I tried, I really did

park trail in NC winterThere are a handful of benefits to maintaining a blog, especially if you do something “professionally” (leave the comments be,) among them providing backstories or amusing anecdotes, passing along tips, and just the general reassurance to everyone that you’re remaining active, and of course this bit requires regular content (which in and of itself provides writing exercise and a quest for new topics.) The rot sets in when there’s too little to write about, even when you make the effort. You might take that to mean this post will be less long-winded than my normal fare, and you’d be wrong.

I set out today (today being Friday and not whatever date this actually posts, but it’s still 11:57 PM right this second,) to check out one of four potential areas for nature photography – new to me, and in some cases not known very well among the public at large. The goal, besides just getting out to chase pics, was to discover some hidden gem that would provide plenty of opportunities for photos without, you know, beach trips and all that. This was not to be, but in all fairness, it’s still freaking winter, despite some warmer temperatures for a small portion of the day, and nothing is really growing yet. My destination is remaining nameless for the time being; as unimpressed as I was, there remains a chance of it getting much better in true spring. If it doesn’t, I’ll trash it in a post then.

It was sunny when I walked out the door, but I drove into mixed clouds in the ten-minute trip, and most of the excursion was spent in near-overcast. In scattered locations were trout lilies, an early bloomer in the region, and a handful of Virginia spring beauty (Claytonia virginica) blossoms peeking through here and there.

Virginia spring beauty Claytonia virginica
Green was barely visible anywhere, the ground was littered with fallen trees by the dozens, and there wasn’t a living thing to be seen. Worse, however, was the constant background whine of I-40, not far enough in the distance – not exactly the kind of mood you hope to evoke when hiking in a ‘remote’ area.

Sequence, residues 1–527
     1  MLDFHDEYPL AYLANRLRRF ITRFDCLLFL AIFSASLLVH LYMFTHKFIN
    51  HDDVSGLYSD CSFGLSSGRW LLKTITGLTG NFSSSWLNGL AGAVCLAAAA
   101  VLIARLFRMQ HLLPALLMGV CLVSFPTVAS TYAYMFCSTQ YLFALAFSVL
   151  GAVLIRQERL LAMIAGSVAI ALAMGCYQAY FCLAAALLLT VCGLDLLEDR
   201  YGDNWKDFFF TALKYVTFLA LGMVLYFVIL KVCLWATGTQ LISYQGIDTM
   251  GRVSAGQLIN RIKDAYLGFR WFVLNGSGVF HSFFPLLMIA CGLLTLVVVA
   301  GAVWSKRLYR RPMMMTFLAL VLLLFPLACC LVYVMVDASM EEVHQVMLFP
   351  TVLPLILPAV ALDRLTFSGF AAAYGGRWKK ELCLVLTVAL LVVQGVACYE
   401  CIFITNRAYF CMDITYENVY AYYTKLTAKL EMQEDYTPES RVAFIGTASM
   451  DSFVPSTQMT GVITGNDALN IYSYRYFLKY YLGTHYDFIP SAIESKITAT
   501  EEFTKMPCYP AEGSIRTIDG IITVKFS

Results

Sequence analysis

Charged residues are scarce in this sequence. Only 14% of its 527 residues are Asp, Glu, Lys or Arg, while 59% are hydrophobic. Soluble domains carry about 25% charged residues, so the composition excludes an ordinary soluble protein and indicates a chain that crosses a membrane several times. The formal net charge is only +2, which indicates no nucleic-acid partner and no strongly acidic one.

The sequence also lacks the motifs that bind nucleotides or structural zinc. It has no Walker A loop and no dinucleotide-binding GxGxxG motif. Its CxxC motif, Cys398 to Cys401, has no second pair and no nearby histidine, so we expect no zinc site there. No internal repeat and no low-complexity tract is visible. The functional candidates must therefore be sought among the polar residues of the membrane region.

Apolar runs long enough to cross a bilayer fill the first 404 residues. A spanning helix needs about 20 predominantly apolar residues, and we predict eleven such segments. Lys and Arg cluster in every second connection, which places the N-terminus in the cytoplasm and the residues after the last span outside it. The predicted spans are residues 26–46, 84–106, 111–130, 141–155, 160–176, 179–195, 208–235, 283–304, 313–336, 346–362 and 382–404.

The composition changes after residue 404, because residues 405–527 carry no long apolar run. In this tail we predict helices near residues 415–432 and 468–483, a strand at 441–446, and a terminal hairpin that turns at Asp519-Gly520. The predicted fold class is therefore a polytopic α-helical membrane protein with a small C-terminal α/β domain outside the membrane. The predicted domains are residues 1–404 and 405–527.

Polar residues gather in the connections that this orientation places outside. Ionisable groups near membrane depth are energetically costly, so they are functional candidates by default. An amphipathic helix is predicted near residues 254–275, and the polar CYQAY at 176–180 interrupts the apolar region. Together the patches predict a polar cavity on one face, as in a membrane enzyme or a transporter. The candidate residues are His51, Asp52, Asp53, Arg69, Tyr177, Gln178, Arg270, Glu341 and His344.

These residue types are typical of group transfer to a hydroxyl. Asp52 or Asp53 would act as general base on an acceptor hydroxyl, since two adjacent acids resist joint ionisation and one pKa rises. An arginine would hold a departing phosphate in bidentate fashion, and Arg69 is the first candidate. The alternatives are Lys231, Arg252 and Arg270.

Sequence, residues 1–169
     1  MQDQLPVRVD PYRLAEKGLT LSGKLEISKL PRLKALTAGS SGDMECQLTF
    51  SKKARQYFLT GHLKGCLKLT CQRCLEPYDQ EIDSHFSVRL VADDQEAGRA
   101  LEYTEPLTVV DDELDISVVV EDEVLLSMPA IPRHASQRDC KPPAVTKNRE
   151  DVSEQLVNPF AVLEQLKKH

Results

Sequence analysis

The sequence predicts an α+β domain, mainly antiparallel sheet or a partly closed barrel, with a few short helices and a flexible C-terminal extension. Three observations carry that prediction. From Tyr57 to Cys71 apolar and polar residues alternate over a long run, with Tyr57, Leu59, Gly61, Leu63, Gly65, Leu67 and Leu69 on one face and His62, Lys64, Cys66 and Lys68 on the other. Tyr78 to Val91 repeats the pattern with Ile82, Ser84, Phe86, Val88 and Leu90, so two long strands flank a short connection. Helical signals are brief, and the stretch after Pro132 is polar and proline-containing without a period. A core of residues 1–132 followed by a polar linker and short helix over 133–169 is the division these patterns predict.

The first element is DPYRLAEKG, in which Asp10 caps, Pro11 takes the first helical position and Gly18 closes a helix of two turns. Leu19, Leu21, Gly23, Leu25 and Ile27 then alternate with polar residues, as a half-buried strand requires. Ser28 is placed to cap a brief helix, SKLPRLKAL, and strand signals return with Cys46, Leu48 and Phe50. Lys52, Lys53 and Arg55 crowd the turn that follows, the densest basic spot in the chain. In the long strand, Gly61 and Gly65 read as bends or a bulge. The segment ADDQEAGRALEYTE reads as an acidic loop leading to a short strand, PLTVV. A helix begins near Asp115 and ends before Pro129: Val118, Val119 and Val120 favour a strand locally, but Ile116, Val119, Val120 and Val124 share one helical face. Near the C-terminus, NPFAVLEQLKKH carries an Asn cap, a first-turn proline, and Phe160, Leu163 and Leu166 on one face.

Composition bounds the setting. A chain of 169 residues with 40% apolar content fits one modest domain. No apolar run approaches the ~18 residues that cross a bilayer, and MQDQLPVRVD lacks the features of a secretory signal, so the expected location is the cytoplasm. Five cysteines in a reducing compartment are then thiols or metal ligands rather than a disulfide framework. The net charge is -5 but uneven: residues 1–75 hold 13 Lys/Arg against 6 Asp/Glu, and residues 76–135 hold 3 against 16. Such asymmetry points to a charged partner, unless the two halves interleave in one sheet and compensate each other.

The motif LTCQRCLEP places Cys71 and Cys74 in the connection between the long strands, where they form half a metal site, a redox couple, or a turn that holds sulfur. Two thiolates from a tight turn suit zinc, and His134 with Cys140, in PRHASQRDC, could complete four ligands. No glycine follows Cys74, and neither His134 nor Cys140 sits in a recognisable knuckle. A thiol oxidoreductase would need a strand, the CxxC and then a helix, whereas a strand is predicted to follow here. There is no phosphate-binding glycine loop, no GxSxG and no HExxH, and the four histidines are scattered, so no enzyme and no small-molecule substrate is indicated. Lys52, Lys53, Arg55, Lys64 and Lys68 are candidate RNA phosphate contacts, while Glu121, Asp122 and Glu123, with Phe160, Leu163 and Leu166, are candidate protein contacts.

The sun finally did make an appearance after I’d made it down to the creekside, at least. I had hoped this was for good, because it had been chillier than I liked, and I’d dressed a little too lightly for the wind (I know better.)

creekside in scattered sunlight
Near the water, I could hear a red-shouldered hawk, a downy woodpecker, and a handful of songbirds, but got just the barest glimpse of the latter. The water was the most visibly moving thing, and that wasn’t notable.

Not ten minutes later, the sky clouded over with vigor and the wind started to almost howl, setting all the trees swaying and convincing me, despite the weather reports, that a storm was blowing in fast.

creek in overcast
fallen trees in park areaI’d checked the trail map before setting out and knew I wasn’t quite halfway along it, so I backtracked to take the shortest route back to the car. The entire way I listened to the wind whoosh and roar among the trees and, taking a hint from the voluminous fallen trunks, paid close attention to any sign of cracks or rumbles that might signify a tree falling – I did indeed hear one, far off to the side, but luckily saw nothing fall while I was out there. And it did start raining, but in a halfhearted manner that by itself wouldn’t have been enough to end my photographic efforts; coupled with the wind and overcast though, there was a threat of it getting much worse, plus the lack of anything interesting to be found, so I cut the trip short. I will return again in a month or so when things really start growing here, to see if the region gets a bit better, but overall, the conditions weren’t impressing me at all, and about the only thing I could hope for is that it’s a haven for deer or something; nothing that I saw pegged it as being a good habitat for much else, at least during the day. It might be a great spot for raccoons, skunks, opossums, foxes, and snakes, but they’re generally active at night and the area closes at dusk, like virtually every place within driving distance.

There’s one more aspect that gives it potential, however: while this region is literally overrun with hateful and ugly longneedle pines, just about every tree that I saw here was deciduous, and the guide says that it’s home to maples, oaks, and hickories. That means the spring and summer months may be fairly picturesque, but the fall might be among the best views within easy reach. The only other area that features a nice blend of trees is open to hunters as soon as it gets colorful, except for the weekends when then you have to contend with too many hikers, that don’t feel their dogs should be leashed. So a relatively unknown public area with a variety of trees is promising, at least.

The entry drive bordered an old farm meadow that was lined with blossoming trees (that I’m not going to bother identifying,) so I shot a couple of quick compositions on the way out, just because I didn’t want to ignore the meager evidence of spring that could be seen.

unidentified blossoming tree probably cherry